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Mechanical Thrombectomy in Vertebrobasilar Occlusion: Still Looking for Evidence

Elena Zapata-Arriaza, MD
@ElenaZaps

Liu X, Dai Q, Ye R, Zi W, Liu Y, Wang H, et al. Endovascular treatment versus standard medical treatment for vertebrobasilar artery occlusion (BEST): an open-label, randomised controlled trial. Lancet Neurol. 2020;19:115-122.

Efficacy and safety of endovascular treatment (EVT) in anterior circulation strokes is clearly validated; however, such evidence is still lacking in vertebrobasilar occlusions. Liu et al. aimed to demonstrate safety and efficacy of EVT in posterior circulation strokes. To achieve this goal, the authors performed a multicenter, randomized, open-label trial in patients within 8 h of vertebrobasilar occlusion (basilar or V4 segment of vertebral artery). Patients were allocated to receive either EVT plus standard medical therapy or standard medical therapy alone. Given endovascular procedure, stent-retriever was the most employed technique, but thromboaspiration, intra-arterial thrombolysis, balloon angioplasty or stenting were also permitted. Primary outcome was mRS 0-3 at 90 days, assessed on an intention-to-treat basis. Primary safety outcome was mortality at 90 days. Secondary safety endpoints included symptomatic intracranial hemorrhage, device-related complications and other severe events rates. Each participating center had to have completed at least 5 mechanical thrombectomy procedures with stent retriever devices in the preceding year. The primary data analysis was done on the intention-to-treat population. In addition, secondary prespecified analyses were performed in the per-protocol population and in the as-treated population.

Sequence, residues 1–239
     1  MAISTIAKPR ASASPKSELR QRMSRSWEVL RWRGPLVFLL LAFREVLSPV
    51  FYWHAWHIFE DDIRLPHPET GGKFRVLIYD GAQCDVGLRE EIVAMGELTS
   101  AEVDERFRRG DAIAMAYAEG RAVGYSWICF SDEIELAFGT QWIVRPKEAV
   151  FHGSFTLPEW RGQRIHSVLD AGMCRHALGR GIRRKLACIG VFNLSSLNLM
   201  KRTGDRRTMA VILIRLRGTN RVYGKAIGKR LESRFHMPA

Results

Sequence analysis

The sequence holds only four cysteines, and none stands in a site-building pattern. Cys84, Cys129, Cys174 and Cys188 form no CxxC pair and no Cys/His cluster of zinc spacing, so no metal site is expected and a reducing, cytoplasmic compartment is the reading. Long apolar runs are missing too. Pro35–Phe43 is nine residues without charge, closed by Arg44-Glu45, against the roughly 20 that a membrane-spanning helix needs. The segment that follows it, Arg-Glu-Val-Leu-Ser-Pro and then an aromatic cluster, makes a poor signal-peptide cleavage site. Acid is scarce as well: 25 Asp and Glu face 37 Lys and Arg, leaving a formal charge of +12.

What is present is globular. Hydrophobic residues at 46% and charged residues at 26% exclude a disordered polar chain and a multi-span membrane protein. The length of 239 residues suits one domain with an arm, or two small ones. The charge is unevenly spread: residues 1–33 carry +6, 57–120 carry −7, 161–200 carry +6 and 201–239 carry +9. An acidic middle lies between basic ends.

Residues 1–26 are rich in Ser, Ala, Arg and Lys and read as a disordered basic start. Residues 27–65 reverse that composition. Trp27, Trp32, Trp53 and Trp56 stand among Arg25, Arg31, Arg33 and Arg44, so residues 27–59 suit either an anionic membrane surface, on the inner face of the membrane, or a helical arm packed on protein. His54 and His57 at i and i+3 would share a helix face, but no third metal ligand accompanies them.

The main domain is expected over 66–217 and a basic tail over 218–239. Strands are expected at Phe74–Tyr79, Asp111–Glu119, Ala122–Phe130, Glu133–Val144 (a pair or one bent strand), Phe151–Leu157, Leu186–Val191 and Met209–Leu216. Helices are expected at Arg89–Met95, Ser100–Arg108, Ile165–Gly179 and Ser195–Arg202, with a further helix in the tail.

Author Interview: Dr. Houman Khosravani, MD, PhD, on “Protected Code Stroke: Hyperacute Stroke Management During the Coronavirus Disease 2019 (COVID-19) Pandemic”

Houman Khosravani
Houman Khosravani

A conversation with Houman Khosravani, MD, PhD, Assistant Professor, Division of Neurology, Department of Medicine, Sunnybrook Health Sciences Centre, University of Toronto, Canada. Twitter: @neuroccm

Interviewed by Victor J. Del Brutto, MD, Assistant Professor, Stroke Division, Department of Neurology, University of Miami Miller School of Medicine, Florida. Twitter: @vdelbrutto

They will be discussing the paper “Protected Code Stroke: Hyperacute Stroke Management During the Coronavirus Disease 2019 (COVID-19) Pandemic,” published in Stroke.

Dr. Del Brutto: First of all, I would like to thank you and your team for putting together these thoughtful recommendations on how to evaluate patients with suspected stroke during the Coronavirus Disease 2019 (COVID-19) pandemic. As a stroke neurologist, I share the global feeling of uncertainty that this pandemic has caused and look forward to modifying my institution practices in order to maximize patients’ outcomes, their safety, and the safety of the professionals involved in their care. In your article, you mention that stroke patients are at an increased risk of suboptimal outcomes during the COVID-19 pandemic. Could you please comment on the factors that may influence patient outcomes?